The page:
The problem with the law is . . . well let me go on. Let's finish the analysis. There's only two cases. The next case is the Bianco case. The Bianco came down about a year later, actually it came down in June of '94 as I recall. And the Bianco court . . . well, the Buhl court was address a constitutional argument. And it wasn't addressing a particular helmet. In the Bianco case they were addressing the E & R Helmet, and the Bianco court said that when you're looking at a specific helmet, the manufacturer's certification is only a rebuttable presumption. It created something unique in the law in this country. I'll have to explain that in just a second. But what they said is that even though you're doing an act that's legal, once you receive actual knowledge of a showing of non-conformity with federal standards, it's now illegal and you can be cited for it. Cited in California is arrested. So now we have a retroactive law that takes effect once you receive actual knowledge. And actual knowledge of a showing of nonconformity is the actual trigger that now makes the act illegal, which before that was legal. In fact the Bianco court . . .

COURT: That's not true. The rule doesn't say, "Because you now know, we can get you for what you did." The Bianco case only says we can only prosecute you if you're using this helmet and you know that it's non-conforming. That isn't anything retroactive.

RARING: The Bianco court specifically said that it's legal to manufacture and sell a helmet with a DOT sticker as long as the manufacturer certifies it as legal to wear it until such time as there is a showing of non-conformity and the consumer receives actual knowledge of that showing. To me, that's retroactive because it's legal up until that point. Because . . .

COURT: No one is being prosecuted retroactively under Bianco. I don't see what difference it would make if it was retroactive. Let me ask you another point, so the Bianco case, then, gives a defense to anybody who goes into . . . who gets dragged into the California court wearing one of these non-conforming helmets, the defense is: "I didn't know it was non-conforming." It puts on the prosecution the burden of showing that the person knew it was non-conforming, is that right?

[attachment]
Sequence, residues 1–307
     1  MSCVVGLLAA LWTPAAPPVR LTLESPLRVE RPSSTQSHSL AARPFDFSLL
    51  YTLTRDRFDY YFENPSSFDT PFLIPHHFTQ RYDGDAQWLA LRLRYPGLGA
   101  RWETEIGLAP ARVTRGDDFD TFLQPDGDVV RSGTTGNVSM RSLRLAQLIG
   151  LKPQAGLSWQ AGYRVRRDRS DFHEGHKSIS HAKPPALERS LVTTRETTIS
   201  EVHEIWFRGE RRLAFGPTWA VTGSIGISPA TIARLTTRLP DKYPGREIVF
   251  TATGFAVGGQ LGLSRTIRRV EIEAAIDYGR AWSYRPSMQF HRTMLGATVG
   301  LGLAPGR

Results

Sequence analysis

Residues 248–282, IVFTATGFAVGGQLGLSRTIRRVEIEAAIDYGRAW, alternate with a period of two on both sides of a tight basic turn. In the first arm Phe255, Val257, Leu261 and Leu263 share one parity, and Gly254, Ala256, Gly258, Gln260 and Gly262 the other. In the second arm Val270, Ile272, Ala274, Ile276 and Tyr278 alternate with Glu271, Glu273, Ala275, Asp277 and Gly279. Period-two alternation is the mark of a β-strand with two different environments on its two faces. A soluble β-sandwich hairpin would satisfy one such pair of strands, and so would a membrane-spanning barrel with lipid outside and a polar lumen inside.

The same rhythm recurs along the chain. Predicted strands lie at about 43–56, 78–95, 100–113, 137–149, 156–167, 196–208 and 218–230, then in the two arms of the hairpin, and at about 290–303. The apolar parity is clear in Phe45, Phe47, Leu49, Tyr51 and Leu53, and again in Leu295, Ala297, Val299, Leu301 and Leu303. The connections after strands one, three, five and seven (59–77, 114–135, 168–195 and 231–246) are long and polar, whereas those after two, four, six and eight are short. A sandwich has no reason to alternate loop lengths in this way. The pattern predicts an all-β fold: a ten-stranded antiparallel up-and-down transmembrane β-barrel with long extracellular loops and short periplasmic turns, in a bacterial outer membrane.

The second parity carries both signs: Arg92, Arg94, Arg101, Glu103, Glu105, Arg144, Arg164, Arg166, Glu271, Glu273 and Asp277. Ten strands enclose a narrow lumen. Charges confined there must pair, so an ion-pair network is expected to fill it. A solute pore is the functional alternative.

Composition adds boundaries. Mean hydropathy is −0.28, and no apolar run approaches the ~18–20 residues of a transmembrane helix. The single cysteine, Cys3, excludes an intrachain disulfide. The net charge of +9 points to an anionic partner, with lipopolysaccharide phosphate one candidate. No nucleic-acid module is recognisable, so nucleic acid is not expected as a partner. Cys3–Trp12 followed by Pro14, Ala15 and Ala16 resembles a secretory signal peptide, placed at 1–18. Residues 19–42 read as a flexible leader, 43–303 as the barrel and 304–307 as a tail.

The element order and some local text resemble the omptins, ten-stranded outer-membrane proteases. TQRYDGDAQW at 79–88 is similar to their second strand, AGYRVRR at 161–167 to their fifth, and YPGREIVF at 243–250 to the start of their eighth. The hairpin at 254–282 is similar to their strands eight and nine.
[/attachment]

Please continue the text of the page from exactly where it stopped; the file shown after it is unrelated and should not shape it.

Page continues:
RARING: That's exactly correct.

COURT: So everybody that you're talking about in this case has an adequate remedy at law in California courts after the Bianco case. And if that's true, why in the world do we need a Federal injunction?

RARING: Okay, because the . . . first of all, there was no cite afterwards . . . there's been numerous cites afterwards, but not the plaintiffs in this case because the plaintiffs in this case filed before Bianco.

COURT: That's the whole point. That's why I asked. Was this case filed before Bianco?

RARING: Right.

COURT: I don't even think you have a real case for controversy any more after Bianco.

RARING: Well, the law up until that point . . . the Buhl case held that the consumer was in compliance with the law if he just had a manufacturer certification.

COURT: You see my point? Now you have an adequate remedy at law on every one of these things. The one's that we're talking about came up before Bianco, so this whole thing in a sense is really moot. No longer right in a strange way, because you have to show that even after Bianco, which you can't, that the Highway Patrol has developed a policy of stopping people and citing them even if a defective helmet is the case and they know it.

RARING: That's exactly what we showed in the court below, and that's exactly why they issued an injunction. We had four days of deposition of Lt. Nivens. The last two definitions were after the Bianco case. He admitted the Highway Patrol policy was the same from January 1992. Had not been changed. They paid no attention to manufacturer's certification, at least that's not one of their criteria. And even after the Bianco case, they paid no attention to actual knowledge or showings of non-conformity.

COURT: So every person that you represented had an adequate remedy at law in courts in California plus a possible civil cause of action against the CHP if they violate the Fourth Amendment against your clients.

RARING: There's a repeated wrong. Some people have been arrested up to five times. An adequate remedy at law, as I understand it anyway, is if you can satisfy your wrong with one prosecution. If they start becoming repeated as a policy to violate people's rights . . . in other words, the CHP has a policy of citing people or arresting people without probable cause to believe there's a violation of the law.